Ever-clever NPR contributor Vowell (The Wordy Shipmates, 2008, etc.) offers a quick, idiosyncratic account of Hawaii from the time Capt. James Cook was dispatched to the then–Sandwich Islands to the end of the 19th century, when the United States annexed the islands.
The author skips the politics by which Hawaii was admitted to the union in 1959. Within months, James Michener’s blockbuster novel named after the new state became a runaway bestseller. Now, with a Hawaiian-born resident of the White House, Vowell’s nonfiction report is a fine update—short, sweet and personal. She’s especially sharp in her considerations of the baleful effect of imposed religion as missionaries tried to turn happy Polynesians into dour Yankees. Earnest, intrepid advocates embarked for the place where Cook died, hoping to correct the islander’s easygoing—and, in the case of royalty, incestuous—ways. The invading clerics were soon followed by rowdy whalers who rubbed their fellow New Englanders the wrong way. (They were the “unfamiliar fishes” new to Honolulu’s waters). The result was early empire building in the pursuit of Manifest Destiny. Annexation and the overthrow of Queen Liliuokalani, the last monarch, was a destiny aided, ironically, by powerful Hawaiians. Vowell celebrates the early restoration of the hula, but she skims much of the Hawaiian Renaissance of the 20th century. The author presents the views of the islanders as well as the invaders, as she delves into journals and narratives and takes field trips with local guides. Her characteristic light touch is evident throughout.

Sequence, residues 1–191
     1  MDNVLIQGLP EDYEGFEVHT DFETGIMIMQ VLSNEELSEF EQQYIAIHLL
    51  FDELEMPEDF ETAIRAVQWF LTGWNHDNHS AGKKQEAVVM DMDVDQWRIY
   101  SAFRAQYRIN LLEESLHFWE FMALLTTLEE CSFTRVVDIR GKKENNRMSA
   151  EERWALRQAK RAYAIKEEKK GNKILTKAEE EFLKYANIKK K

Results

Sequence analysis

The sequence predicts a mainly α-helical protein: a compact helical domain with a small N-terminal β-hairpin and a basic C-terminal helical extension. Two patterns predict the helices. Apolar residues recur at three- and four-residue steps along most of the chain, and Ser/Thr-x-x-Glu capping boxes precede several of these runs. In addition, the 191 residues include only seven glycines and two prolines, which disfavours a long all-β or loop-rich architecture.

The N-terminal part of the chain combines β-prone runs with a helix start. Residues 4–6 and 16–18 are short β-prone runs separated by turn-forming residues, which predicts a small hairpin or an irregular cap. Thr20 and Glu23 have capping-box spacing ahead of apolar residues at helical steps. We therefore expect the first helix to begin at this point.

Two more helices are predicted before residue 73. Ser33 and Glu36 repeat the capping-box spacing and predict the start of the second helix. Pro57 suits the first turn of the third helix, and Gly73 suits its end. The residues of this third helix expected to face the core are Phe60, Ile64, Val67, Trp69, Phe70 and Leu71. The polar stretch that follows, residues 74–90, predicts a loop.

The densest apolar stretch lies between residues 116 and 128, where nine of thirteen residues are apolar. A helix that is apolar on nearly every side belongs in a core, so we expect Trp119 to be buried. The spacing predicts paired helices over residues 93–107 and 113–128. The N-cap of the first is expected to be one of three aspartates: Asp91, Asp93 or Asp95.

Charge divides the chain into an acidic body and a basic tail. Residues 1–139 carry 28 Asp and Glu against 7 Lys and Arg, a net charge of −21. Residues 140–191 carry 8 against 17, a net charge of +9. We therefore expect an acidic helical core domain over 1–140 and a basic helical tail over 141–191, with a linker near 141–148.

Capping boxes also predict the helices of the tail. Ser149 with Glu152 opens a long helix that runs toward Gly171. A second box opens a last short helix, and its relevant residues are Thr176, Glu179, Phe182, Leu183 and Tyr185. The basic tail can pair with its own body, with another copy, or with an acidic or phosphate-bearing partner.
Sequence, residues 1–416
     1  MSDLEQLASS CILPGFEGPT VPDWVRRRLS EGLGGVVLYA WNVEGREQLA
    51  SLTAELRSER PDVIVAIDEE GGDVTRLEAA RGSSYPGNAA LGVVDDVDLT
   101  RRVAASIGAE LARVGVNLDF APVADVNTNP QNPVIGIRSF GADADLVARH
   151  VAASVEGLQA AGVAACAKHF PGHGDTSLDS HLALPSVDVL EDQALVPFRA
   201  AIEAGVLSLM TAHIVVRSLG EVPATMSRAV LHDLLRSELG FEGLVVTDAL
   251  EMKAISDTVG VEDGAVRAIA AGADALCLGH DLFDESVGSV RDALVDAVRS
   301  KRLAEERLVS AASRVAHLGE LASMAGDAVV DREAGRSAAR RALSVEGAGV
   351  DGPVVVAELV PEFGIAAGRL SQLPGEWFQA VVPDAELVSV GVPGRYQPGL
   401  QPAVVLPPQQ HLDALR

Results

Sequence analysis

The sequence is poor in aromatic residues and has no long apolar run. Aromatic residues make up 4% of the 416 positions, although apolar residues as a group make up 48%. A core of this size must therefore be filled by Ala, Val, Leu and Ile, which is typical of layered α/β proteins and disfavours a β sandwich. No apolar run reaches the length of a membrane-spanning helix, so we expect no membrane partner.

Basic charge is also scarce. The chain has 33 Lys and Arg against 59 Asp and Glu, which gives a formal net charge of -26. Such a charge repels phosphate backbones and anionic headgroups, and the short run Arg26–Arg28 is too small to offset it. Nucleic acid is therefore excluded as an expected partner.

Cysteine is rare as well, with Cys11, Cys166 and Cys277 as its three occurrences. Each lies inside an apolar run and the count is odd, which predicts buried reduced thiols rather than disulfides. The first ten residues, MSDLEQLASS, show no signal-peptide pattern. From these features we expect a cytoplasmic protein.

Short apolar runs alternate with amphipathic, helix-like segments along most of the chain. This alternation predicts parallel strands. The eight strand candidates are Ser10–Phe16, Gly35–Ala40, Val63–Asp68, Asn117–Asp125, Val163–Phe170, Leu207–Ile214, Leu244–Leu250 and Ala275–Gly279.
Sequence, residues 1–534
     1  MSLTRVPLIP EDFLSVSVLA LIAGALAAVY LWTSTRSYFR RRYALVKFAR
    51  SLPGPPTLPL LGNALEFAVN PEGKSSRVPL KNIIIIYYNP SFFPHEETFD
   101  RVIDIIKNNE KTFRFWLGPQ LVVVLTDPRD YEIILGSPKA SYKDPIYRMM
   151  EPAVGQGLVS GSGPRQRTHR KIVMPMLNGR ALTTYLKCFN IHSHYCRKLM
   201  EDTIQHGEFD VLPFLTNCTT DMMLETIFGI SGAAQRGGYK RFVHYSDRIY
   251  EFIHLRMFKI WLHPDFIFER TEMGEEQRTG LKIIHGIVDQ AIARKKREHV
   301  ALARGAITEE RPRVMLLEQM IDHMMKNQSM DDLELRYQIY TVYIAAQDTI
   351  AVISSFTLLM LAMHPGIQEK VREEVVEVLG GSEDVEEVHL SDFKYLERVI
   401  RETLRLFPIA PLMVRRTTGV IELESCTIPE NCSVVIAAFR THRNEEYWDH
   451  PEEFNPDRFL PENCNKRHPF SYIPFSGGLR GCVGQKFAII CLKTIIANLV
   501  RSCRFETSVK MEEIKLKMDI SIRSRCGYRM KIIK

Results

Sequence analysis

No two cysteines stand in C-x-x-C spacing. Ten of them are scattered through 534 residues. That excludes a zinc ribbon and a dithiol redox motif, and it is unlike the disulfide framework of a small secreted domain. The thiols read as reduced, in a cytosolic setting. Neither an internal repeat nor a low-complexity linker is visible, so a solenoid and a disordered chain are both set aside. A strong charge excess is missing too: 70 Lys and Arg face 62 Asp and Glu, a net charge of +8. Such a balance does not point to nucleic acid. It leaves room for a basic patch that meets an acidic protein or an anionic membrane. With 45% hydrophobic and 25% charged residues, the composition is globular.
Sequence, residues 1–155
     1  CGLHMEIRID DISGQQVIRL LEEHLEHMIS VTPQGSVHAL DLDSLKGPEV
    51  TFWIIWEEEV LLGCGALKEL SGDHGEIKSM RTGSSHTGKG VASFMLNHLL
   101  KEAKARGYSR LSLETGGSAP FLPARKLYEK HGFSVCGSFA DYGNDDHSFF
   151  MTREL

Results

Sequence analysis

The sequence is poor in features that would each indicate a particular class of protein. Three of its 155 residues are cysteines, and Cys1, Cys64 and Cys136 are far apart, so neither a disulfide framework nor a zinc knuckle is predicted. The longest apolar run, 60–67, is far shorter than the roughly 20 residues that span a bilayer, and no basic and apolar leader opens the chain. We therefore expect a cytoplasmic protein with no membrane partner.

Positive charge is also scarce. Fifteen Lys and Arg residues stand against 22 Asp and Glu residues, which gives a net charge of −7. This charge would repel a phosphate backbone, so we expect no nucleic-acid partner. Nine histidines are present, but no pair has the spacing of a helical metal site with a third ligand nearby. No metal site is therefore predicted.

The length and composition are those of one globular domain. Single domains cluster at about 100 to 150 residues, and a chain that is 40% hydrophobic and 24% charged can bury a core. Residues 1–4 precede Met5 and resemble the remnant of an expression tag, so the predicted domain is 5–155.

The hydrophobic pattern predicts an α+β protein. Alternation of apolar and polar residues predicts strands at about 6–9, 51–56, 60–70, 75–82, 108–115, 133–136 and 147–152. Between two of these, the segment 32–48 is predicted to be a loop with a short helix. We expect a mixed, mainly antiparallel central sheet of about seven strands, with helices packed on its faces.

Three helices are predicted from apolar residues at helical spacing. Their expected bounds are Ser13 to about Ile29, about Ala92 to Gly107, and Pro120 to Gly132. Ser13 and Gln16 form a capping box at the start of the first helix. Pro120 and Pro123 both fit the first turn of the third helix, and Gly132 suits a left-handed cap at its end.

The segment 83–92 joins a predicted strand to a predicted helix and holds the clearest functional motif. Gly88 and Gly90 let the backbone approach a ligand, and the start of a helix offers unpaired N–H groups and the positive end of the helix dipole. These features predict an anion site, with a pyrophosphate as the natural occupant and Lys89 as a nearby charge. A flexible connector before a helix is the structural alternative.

Lively history and astute sociology make a sprightly chronicle of a gorgeous archipelago and its people.